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Originally posted by Croat56
From what you described it sounds like the first story is telling that God created everything and the second story sounds like an extension on how he created people. Starting from when there was not man.
In the beginning, about 3,000 years ago, Jewish desert dwellers in what is present-day southern Israel told a story around campfires about the creation of the first man and first woman. The story they told, and passed on to generations of future desert dwellers, described a pre-creation scene much like the desert landscape in which they daily struggled for existence. From the dry desert dust the Creator forms a man and breaths life into him, and then places him in a beautiful oasis-like garden, abundant with fruits. The Creator takes a personal interest in this first man, and sets about trying to find him a suitable companion. When none of the creatures He first forms provides the man the comfort He had hoped, the Creator makes the first woman. Everything goes well for a spell, in the story told in the desert, but then the Creator is disobeyed and bad things start to happen.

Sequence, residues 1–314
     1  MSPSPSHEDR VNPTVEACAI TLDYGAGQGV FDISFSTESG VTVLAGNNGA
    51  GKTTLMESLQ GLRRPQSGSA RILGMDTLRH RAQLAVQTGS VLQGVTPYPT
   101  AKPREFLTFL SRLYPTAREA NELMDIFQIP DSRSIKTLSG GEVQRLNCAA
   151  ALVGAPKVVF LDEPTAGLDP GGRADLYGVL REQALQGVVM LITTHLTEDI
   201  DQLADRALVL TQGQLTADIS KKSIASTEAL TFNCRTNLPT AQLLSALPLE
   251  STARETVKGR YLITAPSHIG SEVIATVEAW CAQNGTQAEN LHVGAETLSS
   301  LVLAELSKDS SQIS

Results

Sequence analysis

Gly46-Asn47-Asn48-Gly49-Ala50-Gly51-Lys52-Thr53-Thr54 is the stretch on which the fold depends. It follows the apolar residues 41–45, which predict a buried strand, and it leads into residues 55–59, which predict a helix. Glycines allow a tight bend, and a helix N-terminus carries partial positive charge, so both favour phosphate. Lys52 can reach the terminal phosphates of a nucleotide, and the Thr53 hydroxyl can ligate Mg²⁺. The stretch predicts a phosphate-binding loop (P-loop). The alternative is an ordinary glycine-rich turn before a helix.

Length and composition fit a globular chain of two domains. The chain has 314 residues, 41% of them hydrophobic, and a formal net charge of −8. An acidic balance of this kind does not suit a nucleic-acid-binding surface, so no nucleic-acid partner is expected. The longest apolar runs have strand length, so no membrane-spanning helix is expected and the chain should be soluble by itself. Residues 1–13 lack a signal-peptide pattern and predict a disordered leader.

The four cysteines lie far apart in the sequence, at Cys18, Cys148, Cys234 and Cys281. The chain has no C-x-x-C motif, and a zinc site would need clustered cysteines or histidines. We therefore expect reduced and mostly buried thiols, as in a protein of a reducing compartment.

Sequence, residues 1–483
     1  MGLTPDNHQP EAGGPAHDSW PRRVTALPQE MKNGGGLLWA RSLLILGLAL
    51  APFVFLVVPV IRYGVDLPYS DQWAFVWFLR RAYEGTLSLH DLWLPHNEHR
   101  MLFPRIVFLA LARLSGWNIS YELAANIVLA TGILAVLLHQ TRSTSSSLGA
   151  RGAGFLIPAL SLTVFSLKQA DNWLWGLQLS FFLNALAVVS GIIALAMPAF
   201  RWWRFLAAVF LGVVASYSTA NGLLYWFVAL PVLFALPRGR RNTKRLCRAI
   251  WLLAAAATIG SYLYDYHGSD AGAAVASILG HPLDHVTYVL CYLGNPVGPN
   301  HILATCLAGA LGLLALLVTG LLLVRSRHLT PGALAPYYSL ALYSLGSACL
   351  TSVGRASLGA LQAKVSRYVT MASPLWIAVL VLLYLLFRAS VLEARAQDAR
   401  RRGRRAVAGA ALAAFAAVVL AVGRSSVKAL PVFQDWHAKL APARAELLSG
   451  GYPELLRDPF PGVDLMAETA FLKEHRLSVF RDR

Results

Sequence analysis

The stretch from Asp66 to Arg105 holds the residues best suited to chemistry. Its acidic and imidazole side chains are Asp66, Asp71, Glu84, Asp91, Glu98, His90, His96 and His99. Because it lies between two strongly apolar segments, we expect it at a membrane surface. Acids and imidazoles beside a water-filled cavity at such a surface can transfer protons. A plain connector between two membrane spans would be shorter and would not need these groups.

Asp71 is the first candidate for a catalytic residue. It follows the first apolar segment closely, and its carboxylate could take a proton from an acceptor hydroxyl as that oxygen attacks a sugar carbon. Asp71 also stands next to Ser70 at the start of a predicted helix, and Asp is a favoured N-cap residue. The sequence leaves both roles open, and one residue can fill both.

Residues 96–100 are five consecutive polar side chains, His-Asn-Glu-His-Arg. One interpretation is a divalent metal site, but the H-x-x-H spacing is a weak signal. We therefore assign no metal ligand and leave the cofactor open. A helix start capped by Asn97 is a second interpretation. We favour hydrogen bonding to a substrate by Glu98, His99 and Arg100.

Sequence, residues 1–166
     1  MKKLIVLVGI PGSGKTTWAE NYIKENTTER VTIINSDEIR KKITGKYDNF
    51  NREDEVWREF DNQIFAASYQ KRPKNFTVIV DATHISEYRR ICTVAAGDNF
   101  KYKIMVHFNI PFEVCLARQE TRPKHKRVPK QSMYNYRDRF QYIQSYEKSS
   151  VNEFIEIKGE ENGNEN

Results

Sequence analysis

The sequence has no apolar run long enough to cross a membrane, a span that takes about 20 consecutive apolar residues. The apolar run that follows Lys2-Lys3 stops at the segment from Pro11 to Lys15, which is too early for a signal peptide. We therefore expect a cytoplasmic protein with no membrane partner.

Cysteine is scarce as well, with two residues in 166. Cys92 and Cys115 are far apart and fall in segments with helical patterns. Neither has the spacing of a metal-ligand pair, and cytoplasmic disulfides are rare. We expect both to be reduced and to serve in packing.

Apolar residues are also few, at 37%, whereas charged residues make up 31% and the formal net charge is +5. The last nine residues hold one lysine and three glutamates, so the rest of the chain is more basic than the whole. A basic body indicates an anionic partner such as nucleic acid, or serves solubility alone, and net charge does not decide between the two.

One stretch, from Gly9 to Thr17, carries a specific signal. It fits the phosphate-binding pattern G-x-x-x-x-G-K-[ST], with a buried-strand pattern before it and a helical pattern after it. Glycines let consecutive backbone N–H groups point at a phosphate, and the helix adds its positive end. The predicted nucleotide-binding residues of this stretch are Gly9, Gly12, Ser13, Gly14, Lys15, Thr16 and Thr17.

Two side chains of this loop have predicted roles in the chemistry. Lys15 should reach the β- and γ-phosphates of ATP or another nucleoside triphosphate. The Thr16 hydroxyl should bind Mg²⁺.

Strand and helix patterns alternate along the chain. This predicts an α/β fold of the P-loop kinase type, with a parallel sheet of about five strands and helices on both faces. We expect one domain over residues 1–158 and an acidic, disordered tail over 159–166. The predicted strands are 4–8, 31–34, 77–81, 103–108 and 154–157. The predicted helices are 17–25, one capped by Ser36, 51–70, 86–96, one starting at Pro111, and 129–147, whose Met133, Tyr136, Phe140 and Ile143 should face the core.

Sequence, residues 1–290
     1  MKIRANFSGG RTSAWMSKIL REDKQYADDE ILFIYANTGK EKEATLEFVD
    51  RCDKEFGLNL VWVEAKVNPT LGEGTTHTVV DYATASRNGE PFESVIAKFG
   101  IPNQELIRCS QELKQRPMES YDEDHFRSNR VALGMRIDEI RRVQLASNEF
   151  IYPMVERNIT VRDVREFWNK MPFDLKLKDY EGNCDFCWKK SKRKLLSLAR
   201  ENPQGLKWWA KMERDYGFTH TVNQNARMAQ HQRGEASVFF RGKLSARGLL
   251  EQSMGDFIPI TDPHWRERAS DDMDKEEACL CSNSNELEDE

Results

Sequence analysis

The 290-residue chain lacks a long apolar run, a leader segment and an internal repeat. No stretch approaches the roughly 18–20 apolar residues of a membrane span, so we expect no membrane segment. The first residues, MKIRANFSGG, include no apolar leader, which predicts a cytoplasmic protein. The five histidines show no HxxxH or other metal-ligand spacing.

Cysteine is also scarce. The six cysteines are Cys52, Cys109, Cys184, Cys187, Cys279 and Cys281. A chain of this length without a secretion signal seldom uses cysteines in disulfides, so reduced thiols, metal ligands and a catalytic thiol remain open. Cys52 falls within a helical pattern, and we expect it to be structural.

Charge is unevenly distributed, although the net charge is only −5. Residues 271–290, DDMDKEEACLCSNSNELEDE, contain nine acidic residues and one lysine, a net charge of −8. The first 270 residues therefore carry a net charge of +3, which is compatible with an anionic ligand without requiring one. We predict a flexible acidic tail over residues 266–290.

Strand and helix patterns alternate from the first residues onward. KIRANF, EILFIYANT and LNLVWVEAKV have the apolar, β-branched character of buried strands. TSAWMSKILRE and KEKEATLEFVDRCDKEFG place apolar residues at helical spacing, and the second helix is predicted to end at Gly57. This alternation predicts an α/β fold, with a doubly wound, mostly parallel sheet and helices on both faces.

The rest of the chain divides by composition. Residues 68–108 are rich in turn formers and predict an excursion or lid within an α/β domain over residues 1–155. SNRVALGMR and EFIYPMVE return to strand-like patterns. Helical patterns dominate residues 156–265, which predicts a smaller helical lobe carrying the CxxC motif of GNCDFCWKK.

Four or five centuries later, five-hundred-plus miles to the east in what is most likely present-day Iraq, a remarkable Jewish writer—whose name we do not know—set about the ambitious task of constructing a primary history of his people. Evil Merodach reigned in this dark time of Jewish exile, around 560 B.C., and the writer hoped that his history would help his people endure their many trials. The writer was most likely a priest, and might have been assisted in his work by other priests and scribes. To accomplish his mission, he acquired at least two pre-existing writings on Jewish history. The prior writings came from different places and different times. One set of writings used the Canaanite term, “Elohim,” as the name of the creator god. A second set of writings, more ancient than the first, used a Judean term, “YHWH” (translated “Jehovah” in English), to describe its deity.